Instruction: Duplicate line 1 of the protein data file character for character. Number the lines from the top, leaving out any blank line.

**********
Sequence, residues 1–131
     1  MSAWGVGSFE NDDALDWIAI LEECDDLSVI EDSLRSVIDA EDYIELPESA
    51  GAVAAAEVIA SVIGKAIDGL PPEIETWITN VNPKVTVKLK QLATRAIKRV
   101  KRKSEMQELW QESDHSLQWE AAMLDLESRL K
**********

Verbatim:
Sequence, residues 1–131